OBJECTIVE: Deteriorations in the patient-provider relationship in China have attracted increasing attention in the international community. This study aims to explore the role of trust in patient satisfaction with hospital inpatient care, and how patient-provider trust is shaped from the perspectives of both patients and providers. METHODS: We adopted a mixed methods approach comprising a multivariate logistic regression model using secondary data (1200 people with inpatient experiences over the past year) from the fifth National Health Service Survey (NHSS, 2013) in Heilongjiang Province to determine the associations between patient satisfaction and trust, financial burden and perceived quality of care, followed by in-depth interviews with 62 conveniently selected key informants (27 from health and 35 from non-health sectors)...
2016: PloS One
Yunfeng Xue, Larry H Hollier
No abstract text is available yet for this article.
October 14, 2016: Journal of Craniofacial Surgery
J Norton, M David, C Gandubert, C Bouvier, L-A Gutierrez, A Frangeuil, A Macgregor, A Oude Engberink, A Mann, D Capdevielle
OBJECTIVES: The general practitioner (GP) is the most frequently consulted health professional by patients with common mental disorders (CMD). Yet approximately half of cases are not detected by the GP. Many factors linked to the patient, the doctor and the health care system influence detection. For example, detection rates are higher when patients are better known to their GP. On the other hand, patients visiting a different GP for reasons of dissatisfaction with previous care are more likely to be detected on the survey-day...
October 14, 2016: L'Encéphale
Mariam F Eskander, Lindsay A Bliss, Ellen P McCarthy, Susanna W L de Geus, Sing Chau Ng, Deborah Nagle, James R Rodrigue, Jennifer F Tseng
BACKGROUND: Insurance impacts access to therapeutic options, yet little is known about how healthcare reform might change the pattern of surgical admissions. OBJECTIVE: We compared rates of emergent admissions and outcomes after colectomy before and after reform in Massachusetts with a nationwide control group. DESIGN: This study is a retrospective cohort analysis in a natural experiment. Prereform was defined as hospital discharge from 2002 through the second quarter of 2006 and postreform from the third quarter of 2006 through 2012...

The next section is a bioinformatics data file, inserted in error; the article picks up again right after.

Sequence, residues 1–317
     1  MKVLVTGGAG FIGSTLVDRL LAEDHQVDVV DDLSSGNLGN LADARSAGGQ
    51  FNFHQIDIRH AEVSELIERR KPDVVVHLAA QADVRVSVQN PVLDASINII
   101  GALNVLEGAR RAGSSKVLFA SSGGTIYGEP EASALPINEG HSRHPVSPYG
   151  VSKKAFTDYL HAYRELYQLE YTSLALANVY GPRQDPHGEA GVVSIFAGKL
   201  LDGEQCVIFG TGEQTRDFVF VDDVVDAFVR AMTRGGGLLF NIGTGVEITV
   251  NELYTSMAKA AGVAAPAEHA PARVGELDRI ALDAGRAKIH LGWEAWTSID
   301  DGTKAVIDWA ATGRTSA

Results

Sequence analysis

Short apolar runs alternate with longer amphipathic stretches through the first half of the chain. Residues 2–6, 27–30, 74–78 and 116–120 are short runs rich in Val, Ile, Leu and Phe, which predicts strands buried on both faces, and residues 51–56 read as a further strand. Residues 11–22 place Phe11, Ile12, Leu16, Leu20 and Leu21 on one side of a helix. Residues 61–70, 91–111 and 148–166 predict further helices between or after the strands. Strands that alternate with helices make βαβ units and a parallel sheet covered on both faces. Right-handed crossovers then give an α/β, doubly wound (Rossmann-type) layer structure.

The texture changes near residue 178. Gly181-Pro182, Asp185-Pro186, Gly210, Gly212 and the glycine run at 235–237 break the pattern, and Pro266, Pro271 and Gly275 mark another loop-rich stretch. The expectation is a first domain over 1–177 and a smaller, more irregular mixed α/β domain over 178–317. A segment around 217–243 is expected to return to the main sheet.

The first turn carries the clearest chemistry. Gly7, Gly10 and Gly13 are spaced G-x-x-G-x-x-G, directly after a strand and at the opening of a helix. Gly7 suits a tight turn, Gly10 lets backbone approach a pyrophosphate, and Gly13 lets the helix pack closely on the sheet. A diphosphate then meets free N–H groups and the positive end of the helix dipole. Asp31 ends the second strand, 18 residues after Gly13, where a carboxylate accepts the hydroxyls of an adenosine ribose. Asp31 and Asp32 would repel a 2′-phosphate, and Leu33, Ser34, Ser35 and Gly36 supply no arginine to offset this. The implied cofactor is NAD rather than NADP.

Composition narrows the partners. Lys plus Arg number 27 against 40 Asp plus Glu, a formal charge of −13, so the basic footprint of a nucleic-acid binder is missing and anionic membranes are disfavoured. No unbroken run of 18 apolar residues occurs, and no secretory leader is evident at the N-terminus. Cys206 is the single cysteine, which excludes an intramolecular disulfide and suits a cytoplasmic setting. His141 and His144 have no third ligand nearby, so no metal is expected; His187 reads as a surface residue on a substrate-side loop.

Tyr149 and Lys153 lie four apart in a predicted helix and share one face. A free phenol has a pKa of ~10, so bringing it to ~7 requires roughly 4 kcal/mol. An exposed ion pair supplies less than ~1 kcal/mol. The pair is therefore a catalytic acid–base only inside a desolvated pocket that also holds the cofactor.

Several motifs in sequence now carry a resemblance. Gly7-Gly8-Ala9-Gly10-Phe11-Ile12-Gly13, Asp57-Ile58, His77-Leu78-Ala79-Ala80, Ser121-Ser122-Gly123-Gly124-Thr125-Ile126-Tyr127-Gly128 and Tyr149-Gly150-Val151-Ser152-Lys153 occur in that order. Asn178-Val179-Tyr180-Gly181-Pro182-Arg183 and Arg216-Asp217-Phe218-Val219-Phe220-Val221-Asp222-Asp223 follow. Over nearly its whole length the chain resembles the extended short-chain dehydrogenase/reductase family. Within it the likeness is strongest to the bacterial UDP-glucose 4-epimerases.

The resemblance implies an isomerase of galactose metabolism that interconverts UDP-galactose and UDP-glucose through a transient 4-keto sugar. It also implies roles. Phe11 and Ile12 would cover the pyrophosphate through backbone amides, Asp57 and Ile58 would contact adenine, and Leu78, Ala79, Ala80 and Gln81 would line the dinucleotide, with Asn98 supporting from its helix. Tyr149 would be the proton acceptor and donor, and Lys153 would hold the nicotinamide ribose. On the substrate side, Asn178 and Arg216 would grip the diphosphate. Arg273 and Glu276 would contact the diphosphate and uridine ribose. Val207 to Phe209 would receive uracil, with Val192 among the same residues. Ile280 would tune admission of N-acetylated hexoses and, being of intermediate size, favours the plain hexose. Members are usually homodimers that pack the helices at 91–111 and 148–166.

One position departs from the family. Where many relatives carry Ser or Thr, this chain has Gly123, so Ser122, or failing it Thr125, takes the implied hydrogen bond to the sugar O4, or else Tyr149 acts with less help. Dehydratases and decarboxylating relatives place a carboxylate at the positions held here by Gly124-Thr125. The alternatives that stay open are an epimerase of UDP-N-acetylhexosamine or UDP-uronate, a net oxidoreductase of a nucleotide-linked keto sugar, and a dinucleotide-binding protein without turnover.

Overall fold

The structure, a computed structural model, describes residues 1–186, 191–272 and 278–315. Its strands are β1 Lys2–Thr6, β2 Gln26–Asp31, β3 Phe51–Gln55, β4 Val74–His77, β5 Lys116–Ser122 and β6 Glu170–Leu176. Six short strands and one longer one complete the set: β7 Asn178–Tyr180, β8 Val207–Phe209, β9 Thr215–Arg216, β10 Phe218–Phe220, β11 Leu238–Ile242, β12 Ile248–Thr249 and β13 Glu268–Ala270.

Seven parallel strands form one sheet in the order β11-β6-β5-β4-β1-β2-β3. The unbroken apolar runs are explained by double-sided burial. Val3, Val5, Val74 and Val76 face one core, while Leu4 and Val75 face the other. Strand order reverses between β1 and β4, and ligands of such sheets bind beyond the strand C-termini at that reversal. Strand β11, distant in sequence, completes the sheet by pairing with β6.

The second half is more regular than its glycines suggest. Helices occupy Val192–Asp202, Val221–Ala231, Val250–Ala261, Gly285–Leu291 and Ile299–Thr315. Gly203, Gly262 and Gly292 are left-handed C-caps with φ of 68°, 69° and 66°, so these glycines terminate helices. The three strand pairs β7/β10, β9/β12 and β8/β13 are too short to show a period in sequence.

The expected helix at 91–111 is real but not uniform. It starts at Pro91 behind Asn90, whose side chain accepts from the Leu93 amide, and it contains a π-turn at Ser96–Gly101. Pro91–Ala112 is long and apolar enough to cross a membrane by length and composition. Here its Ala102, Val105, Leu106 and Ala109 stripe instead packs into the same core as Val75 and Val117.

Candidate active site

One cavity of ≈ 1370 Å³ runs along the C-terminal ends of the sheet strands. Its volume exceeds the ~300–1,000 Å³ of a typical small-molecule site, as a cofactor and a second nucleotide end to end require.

November 2016: Diseases of the Colon and Rectum
Caroline Se Homer
There has been substantial reform in the past decade in the provision of maternal and child health services, and specifically regarding models of maternity care. Increasingly, midwives are working together in small groups to provide midwife-led continuity of care. This article reviews the current evidence for models of maternity care that provide midwifery continuity of care, in terms of their impact on clinical outcomes, the views of midwives and childbearing women, and health service costs. A systematic review of midwife-led continuity of care models identified benefits for women and babies, with no adverse effects...
October 17, 2016: Medical Journal of Australia
Christopher Hartmann
Several Latin American countries are implementing a suite of so-called "postneoliberal" social and political economic policies to counter neoliberal models that emerged in the 1980s. This article considers the influence of postneoliberalism on public health discourses, policies, institutions, and practices in Bolivia, Ecuador, and Venezuela. Social medicine and neoliberal public health models are antecedents of postneoliberal public health care models. Postneoliberal public health governance models neither fully incorporate social medicine nor completely reject neoliberal models...
October 13, 2016: American Journal of Public Health
Gregory P Marchildon
Regionalization is arguably the most significant health reform in Canada since medicare. Although a majority of provinces continue to have regionalized systems in Canada, the policy is more contested today than it was a decade ago. Since Ontario's implementation of local health integration networks (LHINs) in 2006 and Alberta's elimination of regional health authorities (RHAs) in favour of Alberta Health Services in 2008, Canada has had differing approaches to regionalization. However, due to the centralization of physician budgets in provincial health ministries, primary care has not been integrated into any regionalization model in Canada...
2016: HealthcarePapers
(no author information available yet)